Tipping Fraud Incentives Soon To Be Reduced

Tipping Fraud Incentives Soon To Be ReducedSeeing something being done wrong makes anyone feel uneasy. The thought of doing something about it runs through your head. Actually going ahead and doing something can be scary and intimidating. But something has to be done, right? Telling authorities of inappropriate behavior and actions is the right thing to do and some sort of reward or compensation would be nice for the consequences you might have to pay for being a whistleblower.

In 2006 the tax fraud whistleblower program was enacted to give incentives to those who report and expose tax fraud by individuals or businesses to the Internal Revenue System.  A tipster can get 15%-30% of the money as a direct result of their tip. It has to have at least $2 million in tax evasion or $200,000 a year in tax fraud.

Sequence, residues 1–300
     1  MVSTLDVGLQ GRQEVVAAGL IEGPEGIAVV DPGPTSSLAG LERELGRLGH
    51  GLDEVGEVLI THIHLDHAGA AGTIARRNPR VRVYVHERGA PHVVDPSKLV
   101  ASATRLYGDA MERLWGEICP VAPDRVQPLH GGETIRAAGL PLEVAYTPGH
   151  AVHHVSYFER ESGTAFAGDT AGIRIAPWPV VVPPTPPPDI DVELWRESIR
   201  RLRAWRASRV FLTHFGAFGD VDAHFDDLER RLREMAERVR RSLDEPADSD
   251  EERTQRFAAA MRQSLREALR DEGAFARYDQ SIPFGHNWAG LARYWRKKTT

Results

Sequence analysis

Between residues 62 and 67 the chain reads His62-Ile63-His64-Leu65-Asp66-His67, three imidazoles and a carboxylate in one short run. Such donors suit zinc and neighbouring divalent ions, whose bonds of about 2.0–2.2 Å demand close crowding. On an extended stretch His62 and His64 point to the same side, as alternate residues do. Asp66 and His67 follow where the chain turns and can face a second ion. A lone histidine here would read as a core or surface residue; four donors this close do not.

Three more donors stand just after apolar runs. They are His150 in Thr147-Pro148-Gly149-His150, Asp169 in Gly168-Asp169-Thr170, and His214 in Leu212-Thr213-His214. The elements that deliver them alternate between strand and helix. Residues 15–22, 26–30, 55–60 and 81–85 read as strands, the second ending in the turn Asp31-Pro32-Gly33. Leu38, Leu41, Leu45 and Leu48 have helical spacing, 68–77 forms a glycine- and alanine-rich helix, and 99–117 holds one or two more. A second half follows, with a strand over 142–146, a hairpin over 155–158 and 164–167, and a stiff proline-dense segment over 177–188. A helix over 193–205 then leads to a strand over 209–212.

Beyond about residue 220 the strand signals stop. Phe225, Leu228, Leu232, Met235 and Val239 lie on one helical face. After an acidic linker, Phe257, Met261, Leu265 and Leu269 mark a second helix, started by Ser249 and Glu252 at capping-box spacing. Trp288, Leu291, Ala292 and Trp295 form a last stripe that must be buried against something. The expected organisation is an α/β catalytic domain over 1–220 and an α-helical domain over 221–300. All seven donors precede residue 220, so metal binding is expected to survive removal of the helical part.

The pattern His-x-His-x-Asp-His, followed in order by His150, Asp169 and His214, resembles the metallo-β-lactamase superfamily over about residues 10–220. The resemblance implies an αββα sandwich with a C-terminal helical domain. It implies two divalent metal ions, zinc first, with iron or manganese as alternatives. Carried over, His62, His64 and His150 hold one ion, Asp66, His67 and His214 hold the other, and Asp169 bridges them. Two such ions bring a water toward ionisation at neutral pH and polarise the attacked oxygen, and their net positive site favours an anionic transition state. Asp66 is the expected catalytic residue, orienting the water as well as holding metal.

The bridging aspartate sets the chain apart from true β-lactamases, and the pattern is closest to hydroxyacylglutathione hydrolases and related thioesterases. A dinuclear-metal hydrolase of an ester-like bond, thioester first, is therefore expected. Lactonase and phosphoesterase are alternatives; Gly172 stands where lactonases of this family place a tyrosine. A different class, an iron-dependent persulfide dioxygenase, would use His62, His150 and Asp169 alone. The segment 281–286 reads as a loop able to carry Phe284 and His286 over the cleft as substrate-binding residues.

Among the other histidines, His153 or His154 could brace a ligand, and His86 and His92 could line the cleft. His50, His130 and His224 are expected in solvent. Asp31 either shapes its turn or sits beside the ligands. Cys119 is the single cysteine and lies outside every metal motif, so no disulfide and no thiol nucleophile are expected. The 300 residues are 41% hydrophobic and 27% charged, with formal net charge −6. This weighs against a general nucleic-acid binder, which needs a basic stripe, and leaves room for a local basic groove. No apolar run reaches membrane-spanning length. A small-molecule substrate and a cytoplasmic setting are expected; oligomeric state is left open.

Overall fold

So IRS commissioner Steven Miller wants to propose restrictions to make payouts smaller. This means it will be close to impossible to share in rewards from a company who inflates their losses and excluding from rewards from fines known as Fbar.  This all seems quite ridiculous considering the claims are very few and far between paid out. Since 2006, 1,960 claims were made but the first payment was made in 2011 and since then they have only paid out three claims. The biggest one was a $104 million to Bradley Birkefeld that started the investigation of Swiss banks.

Regardless of payouts or not, fraud is a serious claim that needs to be dealt with properly. If you are aware of fraud or have been accused of it, you will need proper legal advice to proceed. An Illinois business attorney will be able to provide information and assistance for such a case.

 

 

Image courtesy of freedigitalphotos